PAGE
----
01:18:40   They want to know, like honestly it's the same reason

01:18:43   I upgrade my GPU like habitually.

01:18:46   Like I want to know if I pull up Destiny 2 on a PC

01:18:49   in October, it's gonna run like 4K with all of the

01:18:52   water droplets and body fluids and everything looking crisp.

01:18:57   And that's fine.

01:18:58   That's just, I do it consciously knowing that I'm

01:19:01   probably spending money before I need to

01:19:04   to upgrade my GPU.

01:19:05   And some people do the same thing with an Android phone.

01:19:07   They're like, "Colin, I got the new hotness

01:19:09   because it's the fastest in the world or whatever. And so now they are faced, as you said, with this dissonance problem where they're like, "Oh, I cannot get something that goes blow for blow in Android, you know, goes blow for blow with an A11." But my question to them is like, why do you want that processor? And I think that that's the strength of iOS, because it gives people that unified platform to build for and the ceiling of maximum power that they know

01:19:39   they can target. Like they know the rules of their world. And so when they go in there, they know they

01:19:46   can cast a fireball or they know they can, you know, summon a dragon or whatever. They know

01:19:53   exactly what they can do within the frameworks of that world that Apple has built for them. Whereas

01:19:58   on Android, as a developer who wants to push the limits, your targets get narrower and narrower and

01:20:04   narrower, the more you want to push the platform. And so that's why I always ask people like, why?

01:20:09   Why do you want a more powerful processor on Android? Because guess what, all you're going to

01:20:14   get is a handful of demo apps that can even take advantage of it. And those apps will probably not

01:20:19   scale. Obviously, there are a few apps from major developers like games that may push it, right, and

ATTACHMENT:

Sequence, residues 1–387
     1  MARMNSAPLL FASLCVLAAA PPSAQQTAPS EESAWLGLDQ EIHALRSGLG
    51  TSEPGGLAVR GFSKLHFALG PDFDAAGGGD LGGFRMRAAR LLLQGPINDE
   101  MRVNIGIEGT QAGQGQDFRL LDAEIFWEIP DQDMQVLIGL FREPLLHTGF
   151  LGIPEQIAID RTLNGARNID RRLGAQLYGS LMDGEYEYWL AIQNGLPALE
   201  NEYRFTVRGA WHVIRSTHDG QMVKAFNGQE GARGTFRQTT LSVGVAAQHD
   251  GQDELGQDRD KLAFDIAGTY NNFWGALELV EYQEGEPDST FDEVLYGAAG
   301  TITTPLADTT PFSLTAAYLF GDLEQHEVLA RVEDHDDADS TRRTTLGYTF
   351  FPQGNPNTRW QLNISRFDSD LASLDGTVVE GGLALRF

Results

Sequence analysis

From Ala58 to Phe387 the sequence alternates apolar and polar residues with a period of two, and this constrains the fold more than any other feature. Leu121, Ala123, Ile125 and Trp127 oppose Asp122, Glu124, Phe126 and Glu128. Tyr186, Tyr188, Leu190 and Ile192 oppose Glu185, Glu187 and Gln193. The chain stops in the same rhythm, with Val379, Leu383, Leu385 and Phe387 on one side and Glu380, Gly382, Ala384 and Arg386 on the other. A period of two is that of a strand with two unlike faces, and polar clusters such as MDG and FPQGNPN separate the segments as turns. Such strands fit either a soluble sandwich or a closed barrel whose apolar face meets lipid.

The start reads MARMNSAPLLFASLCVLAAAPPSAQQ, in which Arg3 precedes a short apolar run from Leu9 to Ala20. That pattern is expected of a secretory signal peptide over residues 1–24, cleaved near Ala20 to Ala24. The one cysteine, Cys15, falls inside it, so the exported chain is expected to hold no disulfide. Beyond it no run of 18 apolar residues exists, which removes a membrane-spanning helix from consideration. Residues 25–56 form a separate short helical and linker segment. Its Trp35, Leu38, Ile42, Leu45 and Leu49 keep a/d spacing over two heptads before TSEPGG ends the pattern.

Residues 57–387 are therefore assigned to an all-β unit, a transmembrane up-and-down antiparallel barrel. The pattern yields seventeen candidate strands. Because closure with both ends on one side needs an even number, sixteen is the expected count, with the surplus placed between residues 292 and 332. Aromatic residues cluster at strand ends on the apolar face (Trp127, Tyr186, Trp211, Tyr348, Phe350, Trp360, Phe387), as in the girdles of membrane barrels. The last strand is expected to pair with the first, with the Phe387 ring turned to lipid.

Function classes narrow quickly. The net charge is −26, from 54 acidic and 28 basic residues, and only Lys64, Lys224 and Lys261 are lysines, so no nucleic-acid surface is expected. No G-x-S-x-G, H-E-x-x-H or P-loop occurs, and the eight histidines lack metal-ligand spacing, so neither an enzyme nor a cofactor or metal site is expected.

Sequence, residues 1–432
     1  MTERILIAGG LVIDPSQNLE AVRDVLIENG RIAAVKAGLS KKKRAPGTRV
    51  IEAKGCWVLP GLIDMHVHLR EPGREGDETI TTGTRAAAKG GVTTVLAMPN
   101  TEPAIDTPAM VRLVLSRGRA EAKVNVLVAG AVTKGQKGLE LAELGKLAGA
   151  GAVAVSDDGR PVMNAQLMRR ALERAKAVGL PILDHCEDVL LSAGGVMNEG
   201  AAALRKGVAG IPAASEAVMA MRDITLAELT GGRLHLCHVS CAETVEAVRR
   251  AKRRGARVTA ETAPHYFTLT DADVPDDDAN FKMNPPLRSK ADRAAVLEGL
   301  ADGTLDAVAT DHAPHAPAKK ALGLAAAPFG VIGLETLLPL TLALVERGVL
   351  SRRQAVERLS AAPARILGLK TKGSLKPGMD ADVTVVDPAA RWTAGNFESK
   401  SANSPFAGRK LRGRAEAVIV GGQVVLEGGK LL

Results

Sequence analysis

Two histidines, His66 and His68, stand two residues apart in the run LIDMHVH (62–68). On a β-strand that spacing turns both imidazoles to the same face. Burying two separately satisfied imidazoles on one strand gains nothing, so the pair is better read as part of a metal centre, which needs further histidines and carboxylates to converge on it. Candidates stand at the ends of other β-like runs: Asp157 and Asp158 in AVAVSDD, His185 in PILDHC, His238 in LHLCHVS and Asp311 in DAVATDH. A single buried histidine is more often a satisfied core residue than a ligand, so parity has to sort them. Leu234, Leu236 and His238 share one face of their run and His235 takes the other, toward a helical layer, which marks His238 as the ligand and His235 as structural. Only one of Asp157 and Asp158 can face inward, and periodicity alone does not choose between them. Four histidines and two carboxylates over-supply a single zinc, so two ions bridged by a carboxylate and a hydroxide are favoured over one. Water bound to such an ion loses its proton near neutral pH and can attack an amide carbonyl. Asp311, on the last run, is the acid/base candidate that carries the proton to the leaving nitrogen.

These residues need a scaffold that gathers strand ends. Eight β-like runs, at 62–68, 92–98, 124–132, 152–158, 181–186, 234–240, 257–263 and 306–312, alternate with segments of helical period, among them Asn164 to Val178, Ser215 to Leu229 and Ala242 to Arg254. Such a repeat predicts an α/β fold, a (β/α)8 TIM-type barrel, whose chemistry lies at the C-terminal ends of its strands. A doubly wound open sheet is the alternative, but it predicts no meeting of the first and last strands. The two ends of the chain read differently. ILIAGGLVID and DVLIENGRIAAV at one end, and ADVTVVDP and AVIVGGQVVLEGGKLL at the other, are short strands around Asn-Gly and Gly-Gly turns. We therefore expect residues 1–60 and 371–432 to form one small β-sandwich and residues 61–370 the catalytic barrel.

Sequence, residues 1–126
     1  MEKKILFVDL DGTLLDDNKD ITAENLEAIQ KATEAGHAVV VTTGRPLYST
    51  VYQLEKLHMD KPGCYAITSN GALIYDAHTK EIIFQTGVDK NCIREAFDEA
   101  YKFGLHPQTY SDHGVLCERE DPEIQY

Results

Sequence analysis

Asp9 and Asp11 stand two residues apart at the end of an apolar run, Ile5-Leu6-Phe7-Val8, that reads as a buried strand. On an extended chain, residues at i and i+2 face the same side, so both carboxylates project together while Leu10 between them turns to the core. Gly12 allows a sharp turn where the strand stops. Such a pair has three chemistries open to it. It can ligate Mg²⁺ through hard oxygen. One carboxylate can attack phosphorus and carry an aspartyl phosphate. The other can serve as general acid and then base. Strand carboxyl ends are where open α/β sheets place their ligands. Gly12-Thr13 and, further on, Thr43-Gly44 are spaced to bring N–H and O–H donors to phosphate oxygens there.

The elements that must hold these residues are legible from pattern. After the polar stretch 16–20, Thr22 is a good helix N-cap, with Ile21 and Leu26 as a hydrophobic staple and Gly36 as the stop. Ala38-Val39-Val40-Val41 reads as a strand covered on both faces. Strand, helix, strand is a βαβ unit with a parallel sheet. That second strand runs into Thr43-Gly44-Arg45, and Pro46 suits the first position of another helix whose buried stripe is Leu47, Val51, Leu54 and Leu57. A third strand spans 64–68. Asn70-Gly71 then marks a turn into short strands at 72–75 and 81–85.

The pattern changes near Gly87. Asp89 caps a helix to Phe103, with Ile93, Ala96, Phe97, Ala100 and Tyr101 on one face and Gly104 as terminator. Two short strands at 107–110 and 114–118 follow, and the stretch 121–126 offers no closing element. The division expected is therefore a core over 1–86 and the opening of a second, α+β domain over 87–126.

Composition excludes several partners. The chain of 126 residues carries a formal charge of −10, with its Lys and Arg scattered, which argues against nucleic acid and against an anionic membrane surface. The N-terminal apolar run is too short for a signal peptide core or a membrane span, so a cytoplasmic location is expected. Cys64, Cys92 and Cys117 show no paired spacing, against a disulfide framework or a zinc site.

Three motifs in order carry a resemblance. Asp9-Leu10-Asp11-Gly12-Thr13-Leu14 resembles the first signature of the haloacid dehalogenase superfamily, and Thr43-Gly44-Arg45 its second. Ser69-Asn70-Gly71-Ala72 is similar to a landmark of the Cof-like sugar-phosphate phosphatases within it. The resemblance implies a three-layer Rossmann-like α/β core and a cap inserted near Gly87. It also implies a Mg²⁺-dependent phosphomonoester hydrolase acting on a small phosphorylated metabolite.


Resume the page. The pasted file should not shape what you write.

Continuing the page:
01:20:26   are built to push it. But by and large, if you're going into an A11 powered iPhone, like

01:20:35   an iPhone 8 or an iPhone 10, you know that the apps getting built for that thing by the

01:20:40   people that know how to do it are going to be pushing the boundaries of what that's capable

01:20:45   of. Like you're going to within months, you're going to be seeing what really truly what

01:20:49   that thing is capable of. And that doesn't happen on Android because it's not a symbiotic

01:20:56   relationship between the developer ecosystem and the actual hardware that you're using?

01:21:01   It really is as though like in the mobile era, it's as though imagine if like Microsoft and Intel

01:21:09   had been one company and kept the chips to themselves. And, you know, it's undeniable that

01:21:18   Apple's chip team is better than Qualcomm's

01:21:23   and better than Samsung.

01:21:25   Samsung has their own chips, I forget what they call them,

01:21:28   like in the weird way that there's literally

01:21:31   like two different Galaxy S8s, one with a Snapdragon

01:21:34   and one with the custom Samsung chip.

01:21:38   But the performance on the Samsung chip

01:21:40   isn't really all that different than the Snapdragon.

01:21:42   Like Apple is literally like two years,

01:21:44   maybe even more ahead of the industry.

01:21:48   And there's just no precedent for that

01:21:50   in the PC side of things.

01:21:52   And again, you get this if you get the base model iPhone 8.

01:21:58   And again, this is not the main reason why.

01:22:01   You had a very good line in the car when we were driving

01:22:04   where it's not the specs that matter,

01:22:06   it's the effects that matter,

01:22:07   meaning how does the user benefit from this?

01:22:14   But they are real effects, you know,

01:22:16   and one of them is battery life,

01:22:17   where this faster performance means

01:22:19   if you want to do this thing on your phone

01:22:22   and the processor can do it without even breaking a sweat,

01:22:26   it takes less of the battery life away

01:22:28   and you get longer battery life.

01:22:29   - That's right, that's right, yeah.

01:22:31   It's like you got Joe DiMaggio out there

01:22:35   playing in your neighborhood ballpark.

01:22:38   - Right.

01:22:38   - Like is it gonna be an effort for him

01:22:39   to crush it out of the park?

01:22:41   No, you know, he's gonna be fine.

01:22:43   And so that it does allow-- overhead is important, right?

01:22:48   So just to give you an example, ARKit, one of the reasons

01:22:53   that many developers are excited about it after they learn

01:22:56   this fact, they're excited about it,

01:22:58   is that it uses almost none of the GPU.

01:23:02   I mean, almost none.